Republican health care bill dead — doesn’t mean Obamacare is safe



  • Pool/Getty Images

    The GOP effort to repeal Obamacare appears dead for
    now.

  • One GOP senator says the party is “too divided” for a
    restart right now on healthcare.
  • The Trump administration could seek to weaken Obamacare
    through a number of executive measures.

After numerous resurrections, false starts, and missteps,
the Republican attempt to repeal and replace Obamacare on a
straight party-line basis looks like it is truly dead.

The defeat of the attempted
“skinny repeal”
of Obamacare on Thursday appears to be enough
to put the idea to rest for now. GOP lawmakers expressed
doubts that another bill would come up, and the brutal stretch of
must-pass legislation ahead on the calendar likely puts the
GOP Obamacare effort on the back burner.

Nevertheless, the White House has attempted to revive the
push by getting behind a plan advanced by Republican Sens.
Bill Cassidy, Lindsey Graham, and Dean Heller. The plan would
have shifted the funding for Medicaid and other healthcare needs
to the states in a block-grant form.


According to reports
, the trio met with President Donald
Trump regarding the plan and brought in Rep. Mark Meadows, the
head of the conservative House Freedom Caucus.

Trump used the bully pulpit of Twitter over the weekend to lay
into Republicans for failing to pass a repeal and replace bill,
even going so far as to call GOP senators “quitters” and

threaten the healthcare
of members of Congress.

But many Republican leaders have simply moved on.

Senate Majority Leader Mitch McConnell said it
was “time to move on”
 after last
week’s healthcare bill failure and focus on other
priorities before the Senate recesses in mid-August.

Seante Majority Whip john Cornyn, the second-highest ranking
Republican, said in floor remarks on Tuesday that the way forward
on healthcare was a bipartisan approach before pivoting to talk
about tax reform.

Sen. Orrin Hatch, the head of the Finance Committee,
told Reuters
 that the Republican conference was too
far apart on the issue to sustain another attempt on repeal and
replace.

There’s just too much animosity and we’re too divided on
healthcare,” Hatch said.

And Sen. John Thune — the third-highest ranking GOP senator
— told Politico’s Burgess Everett and Jennifer Haberkorn that the
healthcare effort is off the table.

Until somebody shows us a way to get that elusive 50th
vote, I think it’s over,” Thune
told Politico.
 “Maybe lightning will strike and
something will come together but I’m not holding my
breath.”

Additionally, the math makes any sort of revival for the repeal
and replace bill nearly impossible. With Sen. John McCain gone
through August for treatment on brain cancer, McConnell could
only lose a single Republican vote to pass a bill. Sens. Susan
Collins and Lisa Murkowski, who voted against every GOP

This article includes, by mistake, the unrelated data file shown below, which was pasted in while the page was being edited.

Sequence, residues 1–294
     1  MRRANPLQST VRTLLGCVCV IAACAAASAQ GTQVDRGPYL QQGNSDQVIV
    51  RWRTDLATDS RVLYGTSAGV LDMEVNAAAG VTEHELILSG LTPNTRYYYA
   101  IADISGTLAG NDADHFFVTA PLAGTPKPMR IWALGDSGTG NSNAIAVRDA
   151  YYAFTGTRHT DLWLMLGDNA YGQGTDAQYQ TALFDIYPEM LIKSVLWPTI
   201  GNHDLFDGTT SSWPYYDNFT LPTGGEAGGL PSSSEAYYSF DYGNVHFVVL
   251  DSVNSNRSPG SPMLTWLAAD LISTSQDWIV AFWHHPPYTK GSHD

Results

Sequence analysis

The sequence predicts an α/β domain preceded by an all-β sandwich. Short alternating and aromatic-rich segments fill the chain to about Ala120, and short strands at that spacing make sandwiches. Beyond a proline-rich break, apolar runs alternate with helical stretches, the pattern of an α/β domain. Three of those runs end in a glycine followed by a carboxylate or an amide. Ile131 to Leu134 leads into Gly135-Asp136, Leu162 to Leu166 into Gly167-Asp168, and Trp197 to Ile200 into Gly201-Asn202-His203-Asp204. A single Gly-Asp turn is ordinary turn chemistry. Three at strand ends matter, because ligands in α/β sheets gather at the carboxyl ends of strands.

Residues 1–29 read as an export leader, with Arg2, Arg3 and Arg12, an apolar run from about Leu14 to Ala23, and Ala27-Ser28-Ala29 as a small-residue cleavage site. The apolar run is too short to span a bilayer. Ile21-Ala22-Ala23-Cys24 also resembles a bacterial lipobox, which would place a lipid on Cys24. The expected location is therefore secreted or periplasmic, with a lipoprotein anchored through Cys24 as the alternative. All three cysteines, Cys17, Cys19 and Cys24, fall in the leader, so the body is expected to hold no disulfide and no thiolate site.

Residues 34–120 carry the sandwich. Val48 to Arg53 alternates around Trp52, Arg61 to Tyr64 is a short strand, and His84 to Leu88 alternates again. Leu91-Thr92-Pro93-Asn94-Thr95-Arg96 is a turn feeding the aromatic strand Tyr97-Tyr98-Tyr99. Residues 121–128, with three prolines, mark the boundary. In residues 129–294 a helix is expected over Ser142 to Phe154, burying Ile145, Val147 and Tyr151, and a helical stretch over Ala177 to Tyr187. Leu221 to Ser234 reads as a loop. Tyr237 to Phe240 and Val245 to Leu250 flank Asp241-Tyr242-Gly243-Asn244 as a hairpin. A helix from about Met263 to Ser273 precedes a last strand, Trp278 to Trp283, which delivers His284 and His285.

healthcare measure, are enough to sink any push.

There’s still work to be done

The US healthcare system could still see some adjustments
throughout the rest of the year.

For instance, there have been repeated calls from both sides
of the aisle to work on a bill that would stabilize the
individual marketplace — in other words, what people think of as
the Obamacare exchanges. Ideas include guaranteeing critical cost-sharing subsidies via
congressional appropriation
, setting up a stability fund
for states to try to bring down premiums, and rolling
back parts of the employer mandate.

Those could happen in separate legislation or as part of the
Children’s Health Insurance Program (CHIP) reauthorization, which
must be passed by the end of September.

While the end of GOP-overhaul efforts could mean fixes to
the Obamacare markets, it does not mean the law is free of
danger.

The White House and the Department of Health and Human Services
could use a variety of tactics to stir up trouble in the
Obamacare markets and cause its “collapse,” including yanking the
cost-sharing payments, halting the enforcement of the
individual mandate, and cutting off funding for key programs
designed to get people into the markets.

Complicating all of this is a jam-packed schedule for Congress in
the back half of the year. Before the end of September alone,
Congress needs to pass legislation to avoid a shutdown, raise the
debt ceiling, and reauthorize several government programs.

Throw on top of that the GOP’s pivot to tax reform, which the
White House wants done by the end of 2017.

A revived health bill would “take time,” said Greg Valliere,
chief strategist at Horizon Investments. “Lots and lots of time.”

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Republican health care bill dead — doesn’t mean Obamacare is safe

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